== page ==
After founding Titan Troia was apparently killed by a Superman-android, Nightwing devastated by numerous deaths of so many Titans disbanded the Teen Titans, believing they needed more training. Toni as did all the others left but she subsequently returned to the Titans during the year after Infinite Crisis. She was brainwashed into joining the Martyr Militia at the Dark Side Club. She was later brought to Titans Tower by Miss Martian for shelter. She was offered another membership, but just wanted to return home.

 

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Edge

Year first appeared: 1994

I cannot find anything on this character. At all. So, I will give you a little history lesson on Malibu Comics, who were a big part of the 90's. Malibu Comics launched in 1986 by Dave Olbrich and Tom Mason (joined by Chris Ulm in 1987) thanks to the secret financing of Scott Mitchell Rosenberg, who was operating a comic book distribution company (Sunrise Distribution) at the time. The independent American publisher began modestly with creator-owned black-and-white titles, but made a name for itself publishing a combination of new series and licensed properties such as the classic characters Tarzan and Sherlock Holmes, and popular TV/movie/video-game tie-ins. The company served as publishers-of-record for the first comics from Image Comics in 1992, giving the upstart creator-run publisher access to the distribution channels. The Bravura line, consisting of creator-owned titles, was soon started. In 1992, heroes from Centaur Publications (a Golden Age publisher those properties fell into public domain) were revived in the form of the Protectors, Airman, Amazing-Man, Aura, Arc, Arrow, Ferret, Man of War, and Mighty Man, among others. Several of these characters had short-lived spin off titles of their own.

The Ultraverse line was launched during the "boom" of the early 1990s, roughly concurrent with the debut of publishers such as Image and Valiant, and new superhero lines from DC and Dark Horse (Milestone and Comics Greatest World, respectively). The line was in part intended to fill the gap left by Image's independence. They boasted improved production values over traditional comics (especially digital coloring and higher-quality paper), and a roster of respected and/or talented new writers and artists. Emphasizing the tight continuity between the various series in the Ultraverse line, Malibu made extensive use of crossovers, in which a story that began in one series would be continued in the next-shipping issue of another series. Various promotions for special editions or limited-print stories followed. The Ultraverse line came to dominate Malibu's catalog.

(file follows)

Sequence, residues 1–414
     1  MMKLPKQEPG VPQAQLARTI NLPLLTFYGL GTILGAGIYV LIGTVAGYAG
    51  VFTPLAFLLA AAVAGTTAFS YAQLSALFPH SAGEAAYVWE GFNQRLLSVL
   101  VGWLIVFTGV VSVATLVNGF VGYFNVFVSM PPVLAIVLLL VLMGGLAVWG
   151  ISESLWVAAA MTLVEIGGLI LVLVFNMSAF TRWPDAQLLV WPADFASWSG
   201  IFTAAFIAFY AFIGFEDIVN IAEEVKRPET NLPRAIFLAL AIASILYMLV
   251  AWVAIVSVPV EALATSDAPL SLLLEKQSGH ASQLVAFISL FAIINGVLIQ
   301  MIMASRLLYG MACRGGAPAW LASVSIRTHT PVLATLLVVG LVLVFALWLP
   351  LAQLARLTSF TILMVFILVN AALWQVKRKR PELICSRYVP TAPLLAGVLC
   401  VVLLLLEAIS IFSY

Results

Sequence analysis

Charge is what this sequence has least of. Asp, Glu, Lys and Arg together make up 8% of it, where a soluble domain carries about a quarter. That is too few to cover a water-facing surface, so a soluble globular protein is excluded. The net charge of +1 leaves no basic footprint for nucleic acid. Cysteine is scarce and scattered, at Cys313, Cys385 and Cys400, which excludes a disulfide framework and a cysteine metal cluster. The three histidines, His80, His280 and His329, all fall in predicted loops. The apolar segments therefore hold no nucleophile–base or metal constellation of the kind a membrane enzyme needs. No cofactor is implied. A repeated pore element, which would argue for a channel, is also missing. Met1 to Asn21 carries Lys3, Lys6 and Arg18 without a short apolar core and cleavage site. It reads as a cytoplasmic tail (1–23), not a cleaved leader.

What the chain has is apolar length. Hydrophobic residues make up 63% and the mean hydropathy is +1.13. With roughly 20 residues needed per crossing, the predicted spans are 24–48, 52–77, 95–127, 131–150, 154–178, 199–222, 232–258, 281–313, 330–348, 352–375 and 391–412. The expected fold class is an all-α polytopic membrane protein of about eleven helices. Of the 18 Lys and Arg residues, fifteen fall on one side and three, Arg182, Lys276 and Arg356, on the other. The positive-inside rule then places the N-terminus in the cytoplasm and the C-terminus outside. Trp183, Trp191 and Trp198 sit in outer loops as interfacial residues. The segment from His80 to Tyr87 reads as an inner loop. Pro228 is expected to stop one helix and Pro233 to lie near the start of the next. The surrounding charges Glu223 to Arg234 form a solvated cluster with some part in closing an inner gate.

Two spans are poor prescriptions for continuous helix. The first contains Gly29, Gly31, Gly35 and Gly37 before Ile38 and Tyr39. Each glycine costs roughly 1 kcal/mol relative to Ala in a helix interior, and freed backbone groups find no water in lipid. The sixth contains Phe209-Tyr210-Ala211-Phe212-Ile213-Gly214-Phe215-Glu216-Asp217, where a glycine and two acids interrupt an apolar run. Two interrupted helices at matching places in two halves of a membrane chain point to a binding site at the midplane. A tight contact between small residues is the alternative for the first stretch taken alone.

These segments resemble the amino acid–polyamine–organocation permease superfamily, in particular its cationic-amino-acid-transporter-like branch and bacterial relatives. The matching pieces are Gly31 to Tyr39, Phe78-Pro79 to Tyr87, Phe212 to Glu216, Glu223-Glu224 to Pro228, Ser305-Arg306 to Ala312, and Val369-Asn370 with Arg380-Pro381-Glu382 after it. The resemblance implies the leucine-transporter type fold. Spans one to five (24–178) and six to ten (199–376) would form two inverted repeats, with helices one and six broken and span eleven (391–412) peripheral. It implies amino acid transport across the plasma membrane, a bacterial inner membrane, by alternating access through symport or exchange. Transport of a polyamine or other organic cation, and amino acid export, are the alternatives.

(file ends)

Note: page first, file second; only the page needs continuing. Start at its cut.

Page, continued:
As sales declined industry-wide in the mid-1990s, Malibu cancelled lower-selling series. Marvel Comics purchased the company in 1994. Reportedly Marvel made the purchase to acquire Malibu's then-groundbreaking in-house coloring studio, and/or its catalog of movie-licensable properties. Marvel cancelled the entire Ultraverse line, but (during the Black September event) re-launched a handful of the more popular titles as well as a number of crossovers with Marvel characters. The "volume 2" series each started with "#∞ (infinity)" issues and were cancelled a short time later. Within the Marvel Comics multiverse, the Malibu Universe is designated as Earth-93060.

In June 2005, when asked by Newsarama whether Marvel had any plans to revive the Ultraverse, Marvel editor-in-chief Joe Quesada replied that:

"Let's just say that I wanted to bring these characters back in a very big way, but the way that the deal was initially structured, it's next to impossible to go back and publish these books.

There are rumors out there that it has to do with a certain percentage of sales that has to be doled out to the creative teams. While this is a logistical nightmare because of the way the initial deal was structured, it's not the reason why we have chosen not to go near these characters, there is a bigger one, but I really don't feel like it’s my place to make that dirty laundry public."

Other comics in the Bravura line:
Breed (2 series) by Jim Starlin
Dreadstar by Jim Starlin
Edge by Steven Grant and Gil Kane (unfinished)
The Man Called A-X by Marv Wolfman
Metaphysique by Norm Breyfogle
Nocturnals by Dan Brereton
Power & Glory by Howard Chaykin
Star Slammers by Walter Simonson (unfinished until the series moved to Dark Horse Comics)
Strikeback by Peterson, Maguire and Oliff (unfinished - Image Comics released this series later on and completed it)